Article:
FBI: Look out – hackers are breaking into US election board systems
SQL injection attack used to slurp voters' info
IT admins have received a flash warning from the FBI to harden up their systems following attacks against servers run by two US state election boards.
The security advisory states that the security breaches in June and August emanated from IP addresses around the world and involved Acunetix, SQLMap, and DirBuster tools. It tells sysadmins to monitor logs for escalations of privileges, unusual SQL errors indicating injection attacks, and directory traversal attempts, such as:
GET /Login//..%5c..%5c..%5c..%5c..%5c..%5c..%5c..%5cetc/passwd GET /Login//../../../../../../../../etc/passwd
The alert reads:
In late June 2016, an unknown actor scanned a state's Board of Election website for vulnerabilities using Acunetix, and after identifying a Structured Query Language (SQL) injection (SQLi) vulnerability, used SQLmap to target the state website. The majority of the data exfiltration occurred in mid-July. There were suspicious IPs and penetration testing tools Acunetix, SQLMap, and DirBuster used by the actor.
The IP addresses used in the infiltration belong to virtual servers hosted by Bulgaria's Fortunix Networks, Illian in the Netherlands, and Russia's King Networks: 184.108.40.206, 220.127.116.11, 18.104.22.168, 22.214.171.124, 126.96.36.199, 188.8.131.52, 184.108.40.206, and 220.127.116.11.
"It was an eye opener," one senior law enforcement official told Yahoo! News. "We believe it's kind of serious, and we're investigating."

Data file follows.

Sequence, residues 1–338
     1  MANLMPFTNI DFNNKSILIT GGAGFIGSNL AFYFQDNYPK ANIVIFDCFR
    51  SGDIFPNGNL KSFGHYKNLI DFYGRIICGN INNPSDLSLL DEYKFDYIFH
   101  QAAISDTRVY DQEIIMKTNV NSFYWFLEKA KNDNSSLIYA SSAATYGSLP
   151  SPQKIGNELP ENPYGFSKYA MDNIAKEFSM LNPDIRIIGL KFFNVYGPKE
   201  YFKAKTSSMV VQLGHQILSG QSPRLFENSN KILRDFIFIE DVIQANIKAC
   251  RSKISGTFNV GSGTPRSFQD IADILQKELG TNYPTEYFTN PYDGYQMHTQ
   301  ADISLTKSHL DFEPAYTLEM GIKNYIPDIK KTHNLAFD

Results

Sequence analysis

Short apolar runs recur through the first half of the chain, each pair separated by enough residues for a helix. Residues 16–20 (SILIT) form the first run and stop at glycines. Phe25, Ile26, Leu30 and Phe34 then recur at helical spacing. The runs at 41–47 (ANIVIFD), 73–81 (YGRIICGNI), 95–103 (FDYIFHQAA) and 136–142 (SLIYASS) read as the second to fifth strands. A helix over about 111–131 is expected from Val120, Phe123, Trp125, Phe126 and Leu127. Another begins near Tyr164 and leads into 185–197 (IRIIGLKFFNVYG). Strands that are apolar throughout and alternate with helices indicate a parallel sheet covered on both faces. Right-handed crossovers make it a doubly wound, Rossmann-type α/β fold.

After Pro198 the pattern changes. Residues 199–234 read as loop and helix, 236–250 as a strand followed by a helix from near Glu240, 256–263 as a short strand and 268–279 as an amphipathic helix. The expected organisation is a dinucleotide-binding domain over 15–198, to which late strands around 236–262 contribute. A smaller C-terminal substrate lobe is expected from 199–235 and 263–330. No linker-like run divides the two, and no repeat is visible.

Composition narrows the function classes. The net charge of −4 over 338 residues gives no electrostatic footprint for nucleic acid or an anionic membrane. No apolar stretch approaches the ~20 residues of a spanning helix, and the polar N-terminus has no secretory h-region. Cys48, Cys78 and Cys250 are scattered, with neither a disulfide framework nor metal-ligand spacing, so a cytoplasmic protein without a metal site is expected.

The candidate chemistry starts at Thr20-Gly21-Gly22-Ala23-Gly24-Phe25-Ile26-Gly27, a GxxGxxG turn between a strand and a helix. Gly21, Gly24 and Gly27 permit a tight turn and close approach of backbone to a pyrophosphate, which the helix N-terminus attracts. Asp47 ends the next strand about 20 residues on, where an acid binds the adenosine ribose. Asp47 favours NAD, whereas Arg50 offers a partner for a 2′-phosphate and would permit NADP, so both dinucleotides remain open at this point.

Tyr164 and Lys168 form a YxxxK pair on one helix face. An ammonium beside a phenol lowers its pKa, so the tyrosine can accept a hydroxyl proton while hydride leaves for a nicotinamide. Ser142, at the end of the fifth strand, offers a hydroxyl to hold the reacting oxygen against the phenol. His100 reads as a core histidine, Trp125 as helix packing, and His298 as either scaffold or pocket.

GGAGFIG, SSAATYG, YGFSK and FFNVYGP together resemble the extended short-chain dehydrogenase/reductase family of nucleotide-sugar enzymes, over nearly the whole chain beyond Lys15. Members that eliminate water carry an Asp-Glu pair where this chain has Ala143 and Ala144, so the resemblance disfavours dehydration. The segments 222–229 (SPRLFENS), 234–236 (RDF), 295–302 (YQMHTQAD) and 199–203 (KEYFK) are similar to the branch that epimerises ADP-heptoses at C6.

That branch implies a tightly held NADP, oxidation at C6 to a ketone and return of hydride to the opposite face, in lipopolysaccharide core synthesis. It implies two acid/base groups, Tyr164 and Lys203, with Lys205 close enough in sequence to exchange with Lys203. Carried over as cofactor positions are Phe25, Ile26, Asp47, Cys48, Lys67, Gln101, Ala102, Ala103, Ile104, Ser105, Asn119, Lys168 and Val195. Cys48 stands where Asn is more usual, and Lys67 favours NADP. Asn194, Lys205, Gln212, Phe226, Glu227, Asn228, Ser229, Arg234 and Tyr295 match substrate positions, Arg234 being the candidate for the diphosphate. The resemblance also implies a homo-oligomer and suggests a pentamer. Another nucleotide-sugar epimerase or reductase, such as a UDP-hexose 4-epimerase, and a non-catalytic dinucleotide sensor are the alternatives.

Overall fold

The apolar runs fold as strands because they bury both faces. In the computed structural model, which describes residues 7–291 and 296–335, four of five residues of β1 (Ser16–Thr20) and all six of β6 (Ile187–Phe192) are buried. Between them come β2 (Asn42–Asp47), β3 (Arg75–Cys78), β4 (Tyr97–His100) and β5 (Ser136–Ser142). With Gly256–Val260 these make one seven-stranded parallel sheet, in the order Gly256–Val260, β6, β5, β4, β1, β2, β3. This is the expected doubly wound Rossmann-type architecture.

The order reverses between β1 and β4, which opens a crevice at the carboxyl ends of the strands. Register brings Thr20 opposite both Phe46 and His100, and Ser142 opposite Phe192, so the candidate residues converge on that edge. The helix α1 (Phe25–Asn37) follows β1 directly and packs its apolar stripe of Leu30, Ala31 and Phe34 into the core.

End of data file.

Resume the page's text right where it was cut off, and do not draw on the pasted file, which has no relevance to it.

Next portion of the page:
The June SQLi attack targeted the Illinois Board of Elections, and was used to swipe the personal data of 200,000 citizens, according to Ken Menzel, the general counsel of the Illinois Board of Elections. The database was taken offline for 10 days to fix the vulnerabilities exploited to gain access.
For what it's worth, as in many US states, in Illinois you can buy copies of the electoral register, which has every voter's personal record in it – so it's likely whatever the hackers gained was already public information. However, the next cyber-break-in could tamper with people's details rather than swipe them, or use a compromised database as a stepping stone to more important systems.
Menzel said he had been told by the FBI that "foreign hackers" compromised systems and that there was a "possible link" with the attack against the Democratic National Committee servers, which is believed by some to have been carried out by Russian state actors.
The other attack, carried out in August and believed to be against Arizona, was less successful but still concerning to the FBI.
Before anyone panics, it looks likely that this was a simple attack to steal personal information, rather than an attempt to change the course of the election. While the hacking of voting machines is a major concern, particularly in states that don't give paper receipts for votes, these are separate from the Election Board data.
Nevertheless, on August 15, Homeland Security Secretary Jeh Johnson had a conference call with state election officials, warning them to be on their guard against online attack. Johnson said that officials should take care that voting machines weren't connected to the internet and were fully patched against flaws. He pledged help for state officials in securing their systems, including having the DHS send specially trained staff to help. ®